Anti-inflammatory effects of androgens in human vagina
Genitourinary syndrome of menopause (GSM) affects approximately 50% of postmenopausal women. It is characterised by vulvovaginal atrophy and lower urinary tract symptoms which adversely affect sexual health and general well- being. These symptoms are primarily a consequence of reduced oestrogens at menopause. However, androgens, which also decline with age, are increasingly recognised as important regulators of genitourinary tissue function. Importantly, androgen treatment may have beneficial effects in the vagina by modulating inflammatory responses. Maseroli and colleagues investigated whether androgens could modulate the inflammatory response in the vagina by assessing human vaginal tissues and human distal vagina smooth muscle cells isolated from postmenopausal women.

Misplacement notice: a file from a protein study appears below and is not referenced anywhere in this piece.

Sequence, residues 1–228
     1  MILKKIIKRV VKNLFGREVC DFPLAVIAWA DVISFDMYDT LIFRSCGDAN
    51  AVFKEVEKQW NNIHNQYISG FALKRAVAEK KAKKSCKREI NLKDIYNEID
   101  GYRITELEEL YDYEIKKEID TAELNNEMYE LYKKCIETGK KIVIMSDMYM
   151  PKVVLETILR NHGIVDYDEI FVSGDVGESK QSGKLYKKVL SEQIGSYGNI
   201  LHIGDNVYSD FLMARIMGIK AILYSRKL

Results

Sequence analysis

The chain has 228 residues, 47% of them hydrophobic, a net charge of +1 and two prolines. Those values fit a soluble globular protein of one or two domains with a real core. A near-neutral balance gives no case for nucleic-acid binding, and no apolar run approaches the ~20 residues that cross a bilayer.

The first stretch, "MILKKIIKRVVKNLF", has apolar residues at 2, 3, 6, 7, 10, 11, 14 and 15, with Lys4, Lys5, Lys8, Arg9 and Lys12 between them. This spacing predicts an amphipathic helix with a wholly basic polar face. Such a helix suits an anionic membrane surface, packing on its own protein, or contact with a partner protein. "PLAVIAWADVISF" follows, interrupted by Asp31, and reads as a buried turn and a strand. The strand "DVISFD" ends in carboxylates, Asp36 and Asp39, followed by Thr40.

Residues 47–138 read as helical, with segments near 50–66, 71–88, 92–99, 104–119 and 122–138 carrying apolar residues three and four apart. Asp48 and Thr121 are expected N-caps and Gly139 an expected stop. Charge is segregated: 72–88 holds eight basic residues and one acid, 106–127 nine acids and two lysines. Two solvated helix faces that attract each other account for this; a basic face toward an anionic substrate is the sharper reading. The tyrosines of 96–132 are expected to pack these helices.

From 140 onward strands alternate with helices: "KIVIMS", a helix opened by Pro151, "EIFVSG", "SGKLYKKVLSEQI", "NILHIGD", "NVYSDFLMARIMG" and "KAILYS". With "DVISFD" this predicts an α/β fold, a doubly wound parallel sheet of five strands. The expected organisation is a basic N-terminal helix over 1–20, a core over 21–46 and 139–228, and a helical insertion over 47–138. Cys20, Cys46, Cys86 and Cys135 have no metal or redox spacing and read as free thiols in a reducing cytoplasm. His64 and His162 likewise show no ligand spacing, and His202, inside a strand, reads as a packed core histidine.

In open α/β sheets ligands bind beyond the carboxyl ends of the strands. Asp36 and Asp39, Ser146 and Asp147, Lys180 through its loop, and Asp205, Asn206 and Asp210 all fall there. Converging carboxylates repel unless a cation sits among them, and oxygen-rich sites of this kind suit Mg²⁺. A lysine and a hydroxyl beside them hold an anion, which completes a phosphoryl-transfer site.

They investigated the expression of sex steroid receptors and assessed the effect of the selective androgen receptor agonist dihydrotestosterone (DHT) on inflammatory responses. The authors found that androgen receptor was expressed in vaginal smooth muscle cells and that DHT reduced basal secretion of pro-inflammatory cytokines, chemokines and growth factors. DHT also decreased secretion of cytokines induced by the pro-inflammatory stimulus lipopolysaccharide. These results suggests that androgens have an anti-inflammatory effect on vaginal smooth muscle cells which may have therapeutic benefit in the treatment of GSM.
Read the full article in Journal of Molecular Endocrinology 65 109-124